Having hit the big 5-oh earlier this year, the last thing I need these days is a reminder of the transience of life.
As I’m in denial, it took my friend Sally several months to nail me down to a day together to celebrate. Meeting at Tate Britain, it was to be the Rachel Whiteread exhibition followed by lunch in the very fine Rex Whistler restaurant.
My heart sank a bit at the suggestion because I tend to think of the YBAs as one-trick ponies with overly-laboured concepts. And often not enough sheer craft to bring those somewhat arid concepts to life.
But Sally persisted, and the promise of a good lunch tipped the balance.
You may remember Rachel Whiteread first entering national consciousness with her casting of the interior of an entire house in East London in 1993. I remember thinking it was an intriguing idea, to record the traces of the numerous families that had once occupied the soon-to-be-demolished building with all its nooks and crannies. Intriguing, but possibly not particularly interesting to view in the flesh?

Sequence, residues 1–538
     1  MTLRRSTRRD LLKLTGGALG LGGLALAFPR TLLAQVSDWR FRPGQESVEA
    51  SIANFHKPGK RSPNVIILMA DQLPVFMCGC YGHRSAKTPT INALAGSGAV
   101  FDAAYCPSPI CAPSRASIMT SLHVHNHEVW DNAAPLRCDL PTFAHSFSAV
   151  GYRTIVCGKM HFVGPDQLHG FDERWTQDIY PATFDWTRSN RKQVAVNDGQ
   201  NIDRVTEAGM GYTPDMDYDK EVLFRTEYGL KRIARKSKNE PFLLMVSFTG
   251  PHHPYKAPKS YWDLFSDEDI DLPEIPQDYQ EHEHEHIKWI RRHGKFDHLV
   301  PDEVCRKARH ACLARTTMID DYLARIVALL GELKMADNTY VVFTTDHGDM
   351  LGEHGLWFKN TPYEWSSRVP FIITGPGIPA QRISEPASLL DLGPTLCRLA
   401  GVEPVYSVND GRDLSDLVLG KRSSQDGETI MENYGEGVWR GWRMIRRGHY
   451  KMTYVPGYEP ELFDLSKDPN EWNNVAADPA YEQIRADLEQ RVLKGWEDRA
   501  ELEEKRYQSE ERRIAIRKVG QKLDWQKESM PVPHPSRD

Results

The Tate show opens with other pieces from her early years. Often domestic objects from ordinary lives. Rendered in a very pared-back palette of pallid plaster tones. Mournful, but deeply touching, and surprisingly beautiful.
The show is chronological and we follow Whiteread’s progress as she becomes more and more masterful in her mould-making and choice of casting media. She evolves from using plaster to resins - initially opaque and tinted in elemental tones of grey, beige, brown. And then gradually becoming translucent and eventually crystalline, with ever more zinging colour choices. Also, using sherbet-tinted plaster and even papier mâché.
You have to go and see it to really get it. But I couldn’t resist showing you these pictures of a series of small objects rendered in fruit pastille shades. In the choice of colour palette, they bring to mind a garden design moodboard I did last year for a sort of luxuriant modern pleasure garden in Hertfordshire. In addition to certain natural landscape images I collected shots for the moodboard of works by Dan Flavin and Josef Albers. Wish I’d known more about what Rachel Whiteread was up to then.
All this to say that the show was definitely worth it: an uplifting journey from mournful bleached monocolour to colour-drenched clarity. And lunch was pretty damn good too.